Indiana State University Newsroom

#TheExperience: Sycamore soccer team makes its mark on Morocco

June 2, 2014

As Air France passengers settled into their seats for the eight-hour flight from Paris to New York, the usual announcements from the flight deck crackled overhead.

But as the beverage cart started to make its way down the aisle, a different announcement interrupted everyone’s in-flight movies. Although in French, the message sounded familiar to a group of Americans on board. They stopped what they were doing and listened a little closer.

The next time was in English: “We would like to welcome aboard and congratulate the Indiana State University women’s soccer team. They are returning home after a trip to Morocco, where they won two games.”

Home. After nearly two weeks abroad, with suitcases filled with souvenirs and dirty laundry, camera phones loaded with hundreds of selfies and new tan lines courtesy of the Moroccan sun, home is a place that never seemed so distant and was never so fondly sought.

Yes, the Indiana State University women’s soccer team had traveled to Morocco as ambassadors for their alma mater. They had won both of their games and later had a good showing at individual competitions. They had soaked in some of the country’s spectacular sights, and now they were going home — to their own beds and their mothers’ home-cooked meals.



The Sycamores were guests of the fifth annual Sous le Haut Patronage de Sa Majeste le Roi Mohammed VI tournament, organized by Indiana State’s Moroccan sister school, Hassan I University in Settat.

“This trip could not have happened at a better time for us. We’ve become closer; I’ve seen the different players interacting with each other in a way that I don’t always get to see,” said head coach Erika True. “We needed this time to learn about each other.”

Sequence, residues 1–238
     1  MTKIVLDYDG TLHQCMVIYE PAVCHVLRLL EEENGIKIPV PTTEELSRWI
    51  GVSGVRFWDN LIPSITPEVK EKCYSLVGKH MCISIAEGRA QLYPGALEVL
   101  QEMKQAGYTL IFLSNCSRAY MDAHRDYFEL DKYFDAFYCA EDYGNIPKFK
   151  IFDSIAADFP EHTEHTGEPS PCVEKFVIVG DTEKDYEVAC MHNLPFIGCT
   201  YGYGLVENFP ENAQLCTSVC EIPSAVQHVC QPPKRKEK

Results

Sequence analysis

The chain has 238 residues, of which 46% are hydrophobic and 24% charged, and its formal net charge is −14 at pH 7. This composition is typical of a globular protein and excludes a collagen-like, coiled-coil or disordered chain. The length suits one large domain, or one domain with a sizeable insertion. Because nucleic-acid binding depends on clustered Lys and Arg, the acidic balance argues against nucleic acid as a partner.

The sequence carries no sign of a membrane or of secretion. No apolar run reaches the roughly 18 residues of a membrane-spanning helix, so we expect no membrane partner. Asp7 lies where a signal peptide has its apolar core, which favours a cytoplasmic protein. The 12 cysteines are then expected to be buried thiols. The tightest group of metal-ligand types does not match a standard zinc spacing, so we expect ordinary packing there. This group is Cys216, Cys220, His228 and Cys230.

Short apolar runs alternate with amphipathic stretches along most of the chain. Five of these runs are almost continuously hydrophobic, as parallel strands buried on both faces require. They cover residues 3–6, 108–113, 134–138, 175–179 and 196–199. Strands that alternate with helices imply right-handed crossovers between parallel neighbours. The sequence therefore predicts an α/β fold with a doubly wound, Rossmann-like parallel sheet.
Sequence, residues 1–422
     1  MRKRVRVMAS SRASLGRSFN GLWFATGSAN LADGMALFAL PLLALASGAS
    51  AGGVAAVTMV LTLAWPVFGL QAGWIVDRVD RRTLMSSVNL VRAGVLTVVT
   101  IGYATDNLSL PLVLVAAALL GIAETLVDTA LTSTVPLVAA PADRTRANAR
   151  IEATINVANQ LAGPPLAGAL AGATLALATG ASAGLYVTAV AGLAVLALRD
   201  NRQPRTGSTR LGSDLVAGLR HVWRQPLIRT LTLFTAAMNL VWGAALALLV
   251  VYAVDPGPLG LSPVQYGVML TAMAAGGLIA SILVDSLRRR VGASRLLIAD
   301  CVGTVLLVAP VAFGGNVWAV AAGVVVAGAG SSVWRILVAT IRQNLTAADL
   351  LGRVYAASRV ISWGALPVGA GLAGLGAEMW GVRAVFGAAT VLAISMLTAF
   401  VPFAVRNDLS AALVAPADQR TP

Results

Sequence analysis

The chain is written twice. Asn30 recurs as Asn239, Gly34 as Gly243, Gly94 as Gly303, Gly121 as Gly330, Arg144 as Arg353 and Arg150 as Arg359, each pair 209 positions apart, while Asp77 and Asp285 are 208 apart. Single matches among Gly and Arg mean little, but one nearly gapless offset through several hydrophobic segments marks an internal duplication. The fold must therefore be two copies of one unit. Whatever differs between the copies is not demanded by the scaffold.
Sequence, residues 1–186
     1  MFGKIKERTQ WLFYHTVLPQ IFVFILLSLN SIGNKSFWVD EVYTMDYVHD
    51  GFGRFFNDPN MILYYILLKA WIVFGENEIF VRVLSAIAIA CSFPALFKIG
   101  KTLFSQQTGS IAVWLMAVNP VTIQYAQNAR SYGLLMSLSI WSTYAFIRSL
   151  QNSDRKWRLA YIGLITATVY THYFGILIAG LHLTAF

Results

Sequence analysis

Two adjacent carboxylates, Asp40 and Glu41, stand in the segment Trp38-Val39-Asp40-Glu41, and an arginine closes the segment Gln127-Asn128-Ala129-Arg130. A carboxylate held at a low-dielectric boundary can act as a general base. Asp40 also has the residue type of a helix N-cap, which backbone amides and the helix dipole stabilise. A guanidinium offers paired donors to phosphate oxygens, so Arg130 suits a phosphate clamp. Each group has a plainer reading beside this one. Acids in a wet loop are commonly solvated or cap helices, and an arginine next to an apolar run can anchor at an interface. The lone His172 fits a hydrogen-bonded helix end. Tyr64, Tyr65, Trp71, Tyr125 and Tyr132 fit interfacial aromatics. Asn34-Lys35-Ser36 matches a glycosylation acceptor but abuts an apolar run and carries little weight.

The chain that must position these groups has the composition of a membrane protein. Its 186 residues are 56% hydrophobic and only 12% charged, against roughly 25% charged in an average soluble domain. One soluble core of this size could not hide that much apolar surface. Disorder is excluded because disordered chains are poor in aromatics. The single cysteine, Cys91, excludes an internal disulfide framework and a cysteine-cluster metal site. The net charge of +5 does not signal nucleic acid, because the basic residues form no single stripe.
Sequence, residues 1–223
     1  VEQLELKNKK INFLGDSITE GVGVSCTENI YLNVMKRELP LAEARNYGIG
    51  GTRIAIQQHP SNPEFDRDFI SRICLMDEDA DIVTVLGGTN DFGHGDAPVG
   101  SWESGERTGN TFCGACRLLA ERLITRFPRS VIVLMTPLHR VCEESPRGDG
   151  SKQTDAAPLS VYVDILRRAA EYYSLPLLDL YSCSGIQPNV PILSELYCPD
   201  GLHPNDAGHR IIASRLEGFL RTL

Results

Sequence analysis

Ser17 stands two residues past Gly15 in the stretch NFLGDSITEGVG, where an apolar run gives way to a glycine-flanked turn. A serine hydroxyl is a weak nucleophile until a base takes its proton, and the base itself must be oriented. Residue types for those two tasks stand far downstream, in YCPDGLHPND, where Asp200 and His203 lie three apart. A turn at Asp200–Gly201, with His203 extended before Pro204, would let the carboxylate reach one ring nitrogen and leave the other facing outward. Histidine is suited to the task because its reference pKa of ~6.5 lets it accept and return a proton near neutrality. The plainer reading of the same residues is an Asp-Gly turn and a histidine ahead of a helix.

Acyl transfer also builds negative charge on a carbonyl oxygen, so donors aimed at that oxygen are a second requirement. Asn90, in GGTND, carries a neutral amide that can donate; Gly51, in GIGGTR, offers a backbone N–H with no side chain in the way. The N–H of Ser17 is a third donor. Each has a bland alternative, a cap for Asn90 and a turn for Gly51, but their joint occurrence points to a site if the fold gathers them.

El Houcin Chaqra, associate director of Indiana State’s Center for Global Engagement, has led many excursions to his native country over the decades, but this trip stands out as one of the best.

“They have represented Indiana State University very well. They were the best ambassadors that we could send here to Morocco. They have done an excellent job. Everybody is talking about them,” he said.

While moving a large group of people through malls, mosques and markets is never a quiet or inconspicuous undertaking, this group of lovely and spirited 19 and 20-somethings turned heads and attracted attention wherever they went.

“People love them here. I hear from the president (of Hassan I University), the dean, from his assistant, from other faculty, students: All of them like our students … how they interact with people,” Chaqra said. “Our students did an excellent job representing our university and our state and our community. I’m glad I came here and worked with them.”



When they took to the field, the Sycamores hammered out a win against Casablanca team Raja, 2-1, in their first of two international-friendly matches. The win wasn’t as easily secured as the scorebook might suggest.

“I had a little bit of a learning curve on game one,” True said. “I stepped out like I normally would, and I didn’t think about the communication issues and how I could react to not being able to communicate.”

Luckily, one of the Sycamores’ midfielders was able to provide an assist.

“Katrine Baker stood out for her play, but she was also the only player who spoke French and could actually communicate to the referees. It put her in a position of a leadership role that I liked. She kind of stood out among her team,” True said of the rising senior from Las Vegas.